It rained all morning at the Cardinals’ Tempe facility Friday, all the way through practice. Yes, the Cardinals open up at home Sunday, but since a team from Seattle is the opponent, maybe the precipitation was fitting. I know that personally, it felt odd to have a steady downpour in early September. It seemed to dovetail a little bit with the uncertainty around the Cards going into the season.
Even coach Ken Whisenhunt noted “there is a lot more unknown with our team,” between how the new offensive line will hold up to John Skelton as cemented starter for the first time (remember last year, when Kevin Kolb was healthy, he was put back in the lineup). But Whiz did say “I think everyone is always optimistic going into the first game,” and I think that’s true. There is going to be a sense of us-against-the-world right now in the locker room. A lot of teams go down that road (even good teams that aren’t criticized much) but the Cards can definitely find bulletin-board material if they so choose.
— Beanie Wells ended up on the injury report today with a hamstring issue. He told Kent Somers he’d play, but he is listed as questionable. Interestingly, Wells has just missed three games in the last 30 the Cardinals have played – and each one has been against Seattle. He sat out the meaningless finale last year in UoP, but the game he missed in Seattle – because of a hamstring – ended up being crucial when the Cards lost by three and could have used their star back.
“It was frustrating for me in that particular game having to sit back and watch, not be able to help the team,” Wells said.
Veteran Chester Taylor was Wells’ replacement and couldn’t do anything. (LaRod Stephens-Howling, who had 93 yards rushing in the second Seattle game, was injured too.) Alfonso Smith did a decent job in relief, but the Cards certainly could have used Ryan Williams. If Beanie is limited or out Sunday, Williams will be there this time.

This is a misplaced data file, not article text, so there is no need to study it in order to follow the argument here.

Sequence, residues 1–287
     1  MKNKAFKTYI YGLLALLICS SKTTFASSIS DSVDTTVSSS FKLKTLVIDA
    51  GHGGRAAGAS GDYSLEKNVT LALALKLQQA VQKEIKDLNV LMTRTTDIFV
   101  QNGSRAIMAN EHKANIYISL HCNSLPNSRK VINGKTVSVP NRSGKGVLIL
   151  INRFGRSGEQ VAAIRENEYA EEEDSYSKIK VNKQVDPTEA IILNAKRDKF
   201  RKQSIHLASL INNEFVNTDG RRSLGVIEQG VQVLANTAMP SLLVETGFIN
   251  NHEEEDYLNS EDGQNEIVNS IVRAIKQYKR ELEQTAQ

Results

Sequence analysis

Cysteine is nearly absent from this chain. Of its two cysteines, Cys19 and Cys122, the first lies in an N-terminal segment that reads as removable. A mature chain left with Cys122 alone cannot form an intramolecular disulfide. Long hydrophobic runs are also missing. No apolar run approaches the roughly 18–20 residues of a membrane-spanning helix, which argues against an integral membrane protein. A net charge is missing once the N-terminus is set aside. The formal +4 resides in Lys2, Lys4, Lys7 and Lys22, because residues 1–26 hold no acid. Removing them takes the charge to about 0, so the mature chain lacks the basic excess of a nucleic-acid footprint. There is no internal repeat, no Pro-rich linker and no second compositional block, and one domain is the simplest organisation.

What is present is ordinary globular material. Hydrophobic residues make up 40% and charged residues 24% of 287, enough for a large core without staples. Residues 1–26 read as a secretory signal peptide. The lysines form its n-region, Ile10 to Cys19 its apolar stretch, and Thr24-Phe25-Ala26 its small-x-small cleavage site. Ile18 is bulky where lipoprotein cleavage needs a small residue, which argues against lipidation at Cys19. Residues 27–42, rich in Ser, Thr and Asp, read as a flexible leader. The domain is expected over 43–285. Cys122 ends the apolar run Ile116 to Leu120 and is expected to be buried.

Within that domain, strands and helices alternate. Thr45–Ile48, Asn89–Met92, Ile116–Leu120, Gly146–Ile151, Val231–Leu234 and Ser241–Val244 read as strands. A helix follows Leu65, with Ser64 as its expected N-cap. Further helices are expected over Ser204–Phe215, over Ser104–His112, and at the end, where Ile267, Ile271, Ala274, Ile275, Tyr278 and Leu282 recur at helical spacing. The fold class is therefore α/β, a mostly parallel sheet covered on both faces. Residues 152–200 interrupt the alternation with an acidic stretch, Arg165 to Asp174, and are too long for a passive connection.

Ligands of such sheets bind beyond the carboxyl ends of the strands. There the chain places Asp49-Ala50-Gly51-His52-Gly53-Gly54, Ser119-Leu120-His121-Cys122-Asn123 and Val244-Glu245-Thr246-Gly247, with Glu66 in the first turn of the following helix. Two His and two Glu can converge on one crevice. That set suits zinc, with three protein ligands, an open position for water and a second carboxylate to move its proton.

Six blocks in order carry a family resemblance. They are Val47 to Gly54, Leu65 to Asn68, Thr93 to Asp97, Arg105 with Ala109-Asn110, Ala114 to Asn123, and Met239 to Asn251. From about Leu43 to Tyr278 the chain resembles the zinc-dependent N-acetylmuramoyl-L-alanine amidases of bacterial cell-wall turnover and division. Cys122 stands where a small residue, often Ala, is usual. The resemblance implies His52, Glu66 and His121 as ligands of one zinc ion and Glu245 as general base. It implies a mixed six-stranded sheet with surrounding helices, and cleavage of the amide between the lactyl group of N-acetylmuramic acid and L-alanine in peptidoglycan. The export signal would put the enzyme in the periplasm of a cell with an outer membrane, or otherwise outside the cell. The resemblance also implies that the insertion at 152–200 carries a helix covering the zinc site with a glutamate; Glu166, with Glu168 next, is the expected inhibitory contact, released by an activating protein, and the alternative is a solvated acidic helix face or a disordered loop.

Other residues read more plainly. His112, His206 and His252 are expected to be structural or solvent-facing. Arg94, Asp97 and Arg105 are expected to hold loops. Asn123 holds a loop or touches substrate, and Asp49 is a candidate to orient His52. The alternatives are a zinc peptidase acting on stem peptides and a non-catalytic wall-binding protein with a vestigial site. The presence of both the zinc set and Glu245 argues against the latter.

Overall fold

— Talking to Wells before the hamstring problem, I asked him how his recovery from his knee was. “I am getting there,” Beanie said. “I’m not going to say I am there yet, but it is definitely coming.”
— Williams, talking about his own recovery from his patella tendon issue: “I feel like I am a couple weeks away. With this injury, you are still going to feel some lingering pinching, things of that sort, I say since the Oakland game, maybe a week before, I have been really feeling like myself. I have made some moves in practice I have just been waiting to make. I feel like I used to, making cuts, and getting my football awareness, my football sense up under me.”
— Sam Rosen is doing the play by play for Fox for this game. Why does that matter? Rosen was doing the work in each of the four games Patrick Peterson returned a punt for a touchdown – and he was in the booth the last game of the year when Seattle visited, the game in which Peterson should have had a fifth TD if Seahawks punter Jon Ryan hadn’t somehow tripped him up with a fingernail or two.
— Lot of questions about this, but don’t forget: the NFL moved a handful of kickoff times this season on late games, and this is one of them. Kickoff is at 1:25 p.m., not 1:15 p.m. Make sure you check the homepage if there are ever any kickoff time questions.